All physicians of experience are agreed that in the treatment of this disease by far the most important measure is the regulation of the diet. Sugar, starch, and all foods containing them, should be, as far as possible, excluded from the dietary. This requires that the patient should abstain from the use of sugar in any form, from bread, potatoes, peas, beans, rice, oat-meal, com-meal, and other grains, chestnuts, and all other farinaceous articles of food. Sweet fruits also must be avoided with equal care. The diet should consist chiefly of meat of different kinds, including fowl. Greens, green beans, lettuce, yellow beets, asparagus, cucumbers, and radishes may also be eaten. Most acid fruits may be taken in moderate quantities, such as lemons, oranges, strawberries, peaches, and currants. In many cases skim-milk, sour milk, or buttermilk may be taken without increasing the proportion of sugar, and hence without injury. Several eminent physicians claim to have cured a number of cases of this disease by means of an exclusive milk diet, the patient being confined to this one article of food for several weeks. The milk should be carefully skimmed. The quantity required per day is from two to three quarts. By the employment of a diet free from sugar or starch, sugar may in many cases be made to disappear from the urine. When this is the case it may be looked upon as a very favorable indication, and often so long as the patient continues to abstain from those kinds of food which occasion the production of sugar the disease will be held in check.

In many cases, however, the disease does not yield to a restriction of the diet. For this class of cases nothing can be done except to confine the patient to a flesh diet. This can be done but for a short time, however, on account of the great repugnance to meat which will be developed and the derangement of digestion which will result from so large a quantity of animal food. On this account, cases of this sort seldom derive much benefit from treatment. The patient suffers most from being deprived of bread, and this article of food should not be wholly interdicted. The patient should not, however, be allowed to eat fine-flour bread, as this combines a very large portion of starch with little nutritive value. The bread eaten should consist of as large a proportion as possible of the nitrogenous elements with the smallest possible amount of starch. There are various formulas for making what is termed diabetic bread. That which is most effective in restraining the production of sugar is made of bran which has been washed several times, and after being dried is made into a sort of bread with butter and eggs. This, however, is very difficult of digestion, and often contains so little nutritive value that the patient will derive very little benefit from its use. Much better bread is that recommended by the eminent Dr. Pavy of England, which is made from almonds. The directions for making this bread will be found under the head "Diabetic Bread" in the section on "Medical Dietetics" Iceland moss may also be advantageously used for bread, being made into cakes with milk and eggs. Its use does not increase the production of sugar. The best of all breads for patients suffering with diabetes is made from gluten flour, which can generally be obtained of druggists.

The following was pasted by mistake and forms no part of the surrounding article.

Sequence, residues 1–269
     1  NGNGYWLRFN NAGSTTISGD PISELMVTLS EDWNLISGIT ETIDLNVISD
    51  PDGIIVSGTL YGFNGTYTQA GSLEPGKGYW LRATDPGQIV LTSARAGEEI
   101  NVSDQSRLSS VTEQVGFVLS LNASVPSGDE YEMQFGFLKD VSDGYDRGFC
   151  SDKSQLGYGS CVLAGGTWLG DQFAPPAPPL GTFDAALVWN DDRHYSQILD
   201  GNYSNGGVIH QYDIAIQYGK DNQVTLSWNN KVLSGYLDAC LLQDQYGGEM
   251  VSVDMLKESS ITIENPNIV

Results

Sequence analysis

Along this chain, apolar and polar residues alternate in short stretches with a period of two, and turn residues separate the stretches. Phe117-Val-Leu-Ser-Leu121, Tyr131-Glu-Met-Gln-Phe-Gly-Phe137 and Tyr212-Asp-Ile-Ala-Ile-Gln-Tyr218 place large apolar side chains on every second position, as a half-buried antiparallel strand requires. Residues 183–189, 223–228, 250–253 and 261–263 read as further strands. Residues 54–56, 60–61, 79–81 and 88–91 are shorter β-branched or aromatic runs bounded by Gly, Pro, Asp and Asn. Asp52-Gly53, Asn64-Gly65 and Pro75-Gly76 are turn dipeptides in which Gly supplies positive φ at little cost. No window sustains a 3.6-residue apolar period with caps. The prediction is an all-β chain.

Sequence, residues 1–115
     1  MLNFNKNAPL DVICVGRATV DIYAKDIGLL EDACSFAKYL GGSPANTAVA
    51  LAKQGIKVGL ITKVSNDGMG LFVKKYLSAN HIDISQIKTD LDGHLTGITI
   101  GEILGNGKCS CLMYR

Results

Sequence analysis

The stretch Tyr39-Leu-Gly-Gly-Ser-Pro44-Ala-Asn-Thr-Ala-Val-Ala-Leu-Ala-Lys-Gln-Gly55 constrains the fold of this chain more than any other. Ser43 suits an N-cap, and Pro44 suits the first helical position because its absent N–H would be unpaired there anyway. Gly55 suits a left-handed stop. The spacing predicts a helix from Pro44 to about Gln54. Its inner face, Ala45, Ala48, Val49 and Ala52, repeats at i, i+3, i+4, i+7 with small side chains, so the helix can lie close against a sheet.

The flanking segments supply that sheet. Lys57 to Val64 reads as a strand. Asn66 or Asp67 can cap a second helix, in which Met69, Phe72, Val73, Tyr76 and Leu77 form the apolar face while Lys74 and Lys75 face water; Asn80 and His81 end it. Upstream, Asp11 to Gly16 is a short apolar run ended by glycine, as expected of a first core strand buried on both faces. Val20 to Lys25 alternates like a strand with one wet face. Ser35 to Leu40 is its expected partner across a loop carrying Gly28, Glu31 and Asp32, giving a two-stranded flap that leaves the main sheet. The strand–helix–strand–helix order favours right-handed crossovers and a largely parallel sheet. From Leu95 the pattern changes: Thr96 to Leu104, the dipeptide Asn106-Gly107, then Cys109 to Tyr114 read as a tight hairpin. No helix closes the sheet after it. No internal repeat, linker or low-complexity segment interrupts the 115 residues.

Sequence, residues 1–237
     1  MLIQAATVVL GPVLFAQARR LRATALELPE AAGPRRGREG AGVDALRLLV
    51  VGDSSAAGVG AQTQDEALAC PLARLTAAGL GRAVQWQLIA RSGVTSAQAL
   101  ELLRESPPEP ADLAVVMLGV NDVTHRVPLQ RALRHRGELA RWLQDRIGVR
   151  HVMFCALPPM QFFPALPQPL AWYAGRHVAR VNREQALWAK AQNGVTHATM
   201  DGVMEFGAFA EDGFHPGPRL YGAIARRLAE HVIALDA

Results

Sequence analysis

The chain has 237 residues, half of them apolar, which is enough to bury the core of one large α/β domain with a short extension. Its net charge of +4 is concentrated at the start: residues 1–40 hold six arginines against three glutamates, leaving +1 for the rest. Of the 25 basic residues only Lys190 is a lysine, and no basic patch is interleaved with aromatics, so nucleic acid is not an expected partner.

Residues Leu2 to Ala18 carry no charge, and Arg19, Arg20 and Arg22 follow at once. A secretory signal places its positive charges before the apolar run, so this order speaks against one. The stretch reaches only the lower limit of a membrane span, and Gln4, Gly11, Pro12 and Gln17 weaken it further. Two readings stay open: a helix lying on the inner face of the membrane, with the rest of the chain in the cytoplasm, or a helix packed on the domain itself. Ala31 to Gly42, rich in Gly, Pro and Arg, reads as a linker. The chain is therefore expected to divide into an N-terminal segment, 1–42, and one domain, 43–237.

It is a good plan in the dietetic treatment of diabetic patients to follow the method suggested with reference to the dietetic treatment of obesity; namely, to employ a strict diet for several days or two or three weeks, and then allow the patient to take a little more liberal diet for a few days, so that the appetite may not be so greatly impaired as to cause much decrease of the patient's strength. A diabetic patient should not be deprived of fluids, but should be cautioned to control the desire for drink within as reasonable limits as possible, and especially to take small quantities of fluid at a time. The intolerable thirst will often be re moved by holding bits of ice in the mouth. The great discharge of fluid from the body is not the result of excessive drinking, but is the cause of the great thirst, which is simply an expression on the part of the system of the lack of water in the blood, Consequently the intolerable thirst by which this disease is characterized is as much a real demand for fluid as is the thirst experienced in health.